In 2014, with the successful pot-legalization push well underway in a handful of states, it looked like the public might be starting to have second thoughts: The Gallup tracker showed nationwide approval of legalization efforts fell sharply, from 58 to 51 percent. But in 2015, support ticked back up to 58, and now, according to a recently-released poll, a record three in five Americans support making the drug legally available for recreational use.As Gallup notes, marijuana legalization initiatives are on November ballots in five states. If the pro-pot forces sweep, the number Americans who can smoke a blunt without fear of prosecution will quintuple. Is it Gary Johnson’s world?
Not necessarily. First of all, the policy debate over marijuana doesn’t end with the declaration that the drug should be “legal.” There are many other questions, many of which will also be fraught and complex: How heavily should the drug be taxed? Should the state have a monopoly on its sale? If not, how will the state regulate corporate marketing? As we’ve noted, decriminalization of some kind may be the worst policy except all others. But regulations should be designed to keep prices high, discourage dependency, and block the emergence of a politically powerful marijuana industry. (Legislators would do well to read Mark Kleiman’s & co.’s prescriptions on this front).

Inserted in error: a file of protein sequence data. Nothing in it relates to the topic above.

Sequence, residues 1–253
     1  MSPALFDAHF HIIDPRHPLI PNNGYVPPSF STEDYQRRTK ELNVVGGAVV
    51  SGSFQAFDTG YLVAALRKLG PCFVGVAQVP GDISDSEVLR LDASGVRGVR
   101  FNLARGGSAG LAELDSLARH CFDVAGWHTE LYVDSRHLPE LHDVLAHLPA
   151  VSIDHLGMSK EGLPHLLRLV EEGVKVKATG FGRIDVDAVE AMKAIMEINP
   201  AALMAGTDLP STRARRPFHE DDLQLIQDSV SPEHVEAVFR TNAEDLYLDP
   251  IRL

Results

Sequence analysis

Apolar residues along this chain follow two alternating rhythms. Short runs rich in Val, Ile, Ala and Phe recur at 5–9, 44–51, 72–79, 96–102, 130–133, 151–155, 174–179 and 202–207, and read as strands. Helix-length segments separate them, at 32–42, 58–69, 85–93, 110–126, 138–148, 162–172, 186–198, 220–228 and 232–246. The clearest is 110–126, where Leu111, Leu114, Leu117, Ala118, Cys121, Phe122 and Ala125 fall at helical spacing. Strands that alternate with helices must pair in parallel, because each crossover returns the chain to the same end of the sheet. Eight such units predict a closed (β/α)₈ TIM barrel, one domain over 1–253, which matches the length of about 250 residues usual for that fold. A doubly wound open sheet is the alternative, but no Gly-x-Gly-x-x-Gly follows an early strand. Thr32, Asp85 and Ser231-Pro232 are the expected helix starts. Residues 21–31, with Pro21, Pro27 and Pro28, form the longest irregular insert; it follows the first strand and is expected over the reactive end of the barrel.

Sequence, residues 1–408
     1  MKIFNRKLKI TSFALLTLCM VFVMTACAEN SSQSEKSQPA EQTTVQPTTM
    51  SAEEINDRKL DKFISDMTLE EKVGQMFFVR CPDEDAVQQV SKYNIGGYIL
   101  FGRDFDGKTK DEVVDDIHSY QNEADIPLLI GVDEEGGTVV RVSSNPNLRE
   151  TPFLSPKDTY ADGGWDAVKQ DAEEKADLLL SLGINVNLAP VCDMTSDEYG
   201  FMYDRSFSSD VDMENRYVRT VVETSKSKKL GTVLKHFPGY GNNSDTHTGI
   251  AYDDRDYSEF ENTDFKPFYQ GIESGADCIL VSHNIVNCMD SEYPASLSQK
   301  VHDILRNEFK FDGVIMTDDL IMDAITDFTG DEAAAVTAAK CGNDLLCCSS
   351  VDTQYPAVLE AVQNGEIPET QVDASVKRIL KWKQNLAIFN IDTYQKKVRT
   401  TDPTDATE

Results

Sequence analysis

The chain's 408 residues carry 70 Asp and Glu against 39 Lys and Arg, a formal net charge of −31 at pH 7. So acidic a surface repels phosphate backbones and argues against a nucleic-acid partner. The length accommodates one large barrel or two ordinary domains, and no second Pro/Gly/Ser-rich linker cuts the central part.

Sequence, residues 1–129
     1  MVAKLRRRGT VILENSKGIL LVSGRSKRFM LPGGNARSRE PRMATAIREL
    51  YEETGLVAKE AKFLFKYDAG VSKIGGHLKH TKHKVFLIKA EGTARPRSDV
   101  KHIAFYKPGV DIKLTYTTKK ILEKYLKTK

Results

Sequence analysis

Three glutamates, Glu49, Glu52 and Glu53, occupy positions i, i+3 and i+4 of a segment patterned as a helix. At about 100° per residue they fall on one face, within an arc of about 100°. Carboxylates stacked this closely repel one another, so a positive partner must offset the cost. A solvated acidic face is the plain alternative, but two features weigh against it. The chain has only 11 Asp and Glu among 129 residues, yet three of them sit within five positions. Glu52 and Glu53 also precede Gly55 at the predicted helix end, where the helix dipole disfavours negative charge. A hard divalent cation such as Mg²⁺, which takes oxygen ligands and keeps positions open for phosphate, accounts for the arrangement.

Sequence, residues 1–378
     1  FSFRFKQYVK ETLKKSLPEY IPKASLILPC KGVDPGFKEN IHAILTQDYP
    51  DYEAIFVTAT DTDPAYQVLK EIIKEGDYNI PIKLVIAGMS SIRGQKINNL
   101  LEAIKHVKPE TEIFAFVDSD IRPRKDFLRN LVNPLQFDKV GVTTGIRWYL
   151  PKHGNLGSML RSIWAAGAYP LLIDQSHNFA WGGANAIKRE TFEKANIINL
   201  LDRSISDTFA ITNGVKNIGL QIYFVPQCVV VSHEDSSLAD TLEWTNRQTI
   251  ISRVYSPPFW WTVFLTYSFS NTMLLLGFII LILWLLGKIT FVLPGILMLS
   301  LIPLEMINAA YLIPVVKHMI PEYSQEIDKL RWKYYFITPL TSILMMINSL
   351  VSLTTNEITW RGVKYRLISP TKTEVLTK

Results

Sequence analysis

Second, the fading of legal prohibitions on marijuana use may give rise to new social sanctions. For example, employers might drug test their employees, landlords might restrict the use of pot on their properties, courts might consider drug use as a criterion in child custody cases, and frequent toking might become a roadblock to enrolling in college or receiving government aid.
Americans seem to have made up their mind that you shouldn’t go to jail for smoking weed. But many other questions about how to manage the drug have yet to be answered conclusively, and likely won’t be for some time.